Additionally we provide for routing screen data to any printer of the system defined in the PAM, and in a distributed network, with a print to printer defined in an application.
As a result of the described inventions, the user benefits from the use of the system as fewer required printers, reducing total system cost; and there is reduced system configuration complexity; and there is user flexibility to print screen data on the printer of their choice along with the ability to print screen data at a remote site.
These and other improvements are detailed in the following description. For a fuller understanding of the best way we envision of implementing our inventions reference should be made to the following description and the below-described drawings.
FIG. 1 illustrates our preferred system.
FIG. 2 is a flow chart of the operations called forth in our proposed system, while
FIG. 3 is a drawing of pseudo code used to implement the critical operations of local copy in I/O processors for an IBM 9371 processor system.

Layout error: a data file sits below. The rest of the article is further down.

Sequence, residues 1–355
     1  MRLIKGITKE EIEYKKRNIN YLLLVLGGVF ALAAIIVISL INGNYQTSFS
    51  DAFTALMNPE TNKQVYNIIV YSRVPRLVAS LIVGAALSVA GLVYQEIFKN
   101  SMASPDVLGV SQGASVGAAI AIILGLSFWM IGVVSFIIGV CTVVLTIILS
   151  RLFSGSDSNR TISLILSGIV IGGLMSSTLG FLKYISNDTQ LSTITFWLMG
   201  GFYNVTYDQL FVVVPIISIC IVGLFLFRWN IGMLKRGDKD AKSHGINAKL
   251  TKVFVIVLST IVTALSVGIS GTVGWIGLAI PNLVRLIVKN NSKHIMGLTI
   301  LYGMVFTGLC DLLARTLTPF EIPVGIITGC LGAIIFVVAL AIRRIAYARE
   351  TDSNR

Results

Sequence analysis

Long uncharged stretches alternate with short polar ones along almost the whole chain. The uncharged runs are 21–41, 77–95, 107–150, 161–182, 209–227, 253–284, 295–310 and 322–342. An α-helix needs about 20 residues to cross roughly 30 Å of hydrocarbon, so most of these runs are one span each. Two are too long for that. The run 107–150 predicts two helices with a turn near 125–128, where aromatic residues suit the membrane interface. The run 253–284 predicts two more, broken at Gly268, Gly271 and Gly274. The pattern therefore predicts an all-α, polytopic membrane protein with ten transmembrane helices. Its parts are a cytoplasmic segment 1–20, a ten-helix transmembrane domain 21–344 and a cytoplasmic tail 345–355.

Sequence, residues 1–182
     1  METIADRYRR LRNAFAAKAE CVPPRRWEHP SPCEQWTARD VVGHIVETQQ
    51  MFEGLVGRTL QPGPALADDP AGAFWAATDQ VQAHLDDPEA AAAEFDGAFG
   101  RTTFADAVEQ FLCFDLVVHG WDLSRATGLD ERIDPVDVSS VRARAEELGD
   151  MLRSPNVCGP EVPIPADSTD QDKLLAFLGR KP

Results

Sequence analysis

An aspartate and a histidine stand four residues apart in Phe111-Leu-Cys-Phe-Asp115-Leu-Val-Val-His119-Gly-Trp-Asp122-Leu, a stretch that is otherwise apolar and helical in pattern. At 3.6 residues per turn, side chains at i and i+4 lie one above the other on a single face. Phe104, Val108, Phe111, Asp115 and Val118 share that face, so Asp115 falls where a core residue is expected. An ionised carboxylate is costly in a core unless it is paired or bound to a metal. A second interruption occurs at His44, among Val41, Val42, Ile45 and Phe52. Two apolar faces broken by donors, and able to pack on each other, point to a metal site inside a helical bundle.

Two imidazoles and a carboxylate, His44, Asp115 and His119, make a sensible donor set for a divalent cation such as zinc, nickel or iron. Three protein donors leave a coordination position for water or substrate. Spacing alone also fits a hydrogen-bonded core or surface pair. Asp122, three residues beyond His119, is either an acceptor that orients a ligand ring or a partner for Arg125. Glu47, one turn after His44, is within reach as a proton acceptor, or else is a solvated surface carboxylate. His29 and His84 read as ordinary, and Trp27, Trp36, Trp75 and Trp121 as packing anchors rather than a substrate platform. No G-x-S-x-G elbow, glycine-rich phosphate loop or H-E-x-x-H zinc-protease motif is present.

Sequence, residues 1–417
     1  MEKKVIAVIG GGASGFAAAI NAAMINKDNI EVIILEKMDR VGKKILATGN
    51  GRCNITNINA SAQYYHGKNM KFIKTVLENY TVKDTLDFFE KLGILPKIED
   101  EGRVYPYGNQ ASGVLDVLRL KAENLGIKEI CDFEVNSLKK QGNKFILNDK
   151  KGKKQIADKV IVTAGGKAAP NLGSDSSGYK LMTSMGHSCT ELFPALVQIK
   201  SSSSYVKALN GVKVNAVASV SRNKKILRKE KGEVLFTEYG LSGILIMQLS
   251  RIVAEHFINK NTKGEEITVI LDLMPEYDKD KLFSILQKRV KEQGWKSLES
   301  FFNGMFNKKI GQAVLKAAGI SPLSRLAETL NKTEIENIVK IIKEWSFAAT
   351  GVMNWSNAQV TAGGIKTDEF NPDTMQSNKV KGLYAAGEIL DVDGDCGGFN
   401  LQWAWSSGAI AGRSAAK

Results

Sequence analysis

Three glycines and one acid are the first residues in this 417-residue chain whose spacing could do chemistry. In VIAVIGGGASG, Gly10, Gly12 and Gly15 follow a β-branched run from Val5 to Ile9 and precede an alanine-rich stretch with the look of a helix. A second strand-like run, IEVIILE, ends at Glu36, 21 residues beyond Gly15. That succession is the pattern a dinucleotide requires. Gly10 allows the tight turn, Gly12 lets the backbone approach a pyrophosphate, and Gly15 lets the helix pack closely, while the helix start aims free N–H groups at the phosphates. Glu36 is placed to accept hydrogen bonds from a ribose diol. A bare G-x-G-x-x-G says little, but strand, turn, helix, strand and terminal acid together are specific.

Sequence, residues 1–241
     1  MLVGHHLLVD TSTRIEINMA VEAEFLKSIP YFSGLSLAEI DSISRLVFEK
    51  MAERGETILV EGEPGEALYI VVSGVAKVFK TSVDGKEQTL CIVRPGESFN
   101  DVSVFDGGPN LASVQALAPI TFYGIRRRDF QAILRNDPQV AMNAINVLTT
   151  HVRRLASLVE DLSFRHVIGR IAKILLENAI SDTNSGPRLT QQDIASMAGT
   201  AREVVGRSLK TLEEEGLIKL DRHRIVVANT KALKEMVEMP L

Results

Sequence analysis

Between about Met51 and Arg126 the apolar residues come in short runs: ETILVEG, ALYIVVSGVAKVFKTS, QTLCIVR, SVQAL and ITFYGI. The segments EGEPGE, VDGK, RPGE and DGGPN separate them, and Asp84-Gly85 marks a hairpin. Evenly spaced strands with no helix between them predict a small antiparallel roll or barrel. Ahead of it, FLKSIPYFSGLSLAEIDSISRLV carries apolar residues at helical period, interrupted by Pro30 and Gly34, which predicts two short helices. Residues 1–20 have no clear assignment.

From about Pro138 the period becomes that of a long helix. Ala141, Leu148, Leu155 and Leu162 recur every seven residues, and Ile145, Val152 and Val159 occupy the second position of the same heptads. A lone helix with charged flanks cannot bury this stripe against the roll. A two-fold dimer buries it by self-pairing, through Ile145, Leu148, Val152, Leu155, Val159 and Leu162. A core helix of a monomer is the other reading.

Turning now to the drawings and FIG. 1, it will be seen that in implementing our preferred embodiment we utilized a 370 Operating System environment. The system 100 is provided with 370 application Format and Route support modules 101, with a normal path coupling to several control units 102, 103, and 104 which is the control unit to which a printer 105 in the form of an IBM 328X printer is attached. These paths pass through an I/O processor 106. In our preferred embodiment the I/O processor is provided with unique Local Copy Manager I/O processor microcode as illustrated and discussed with respect to FIG. 2 and FIG. 3. The I/O processor function is provided by either of the IBM 3274 and 3174 Control Units, and allows direct data transfer from a 3270 display station, illustrated by stations 107, 108, 109 and 110 in FIG. 1.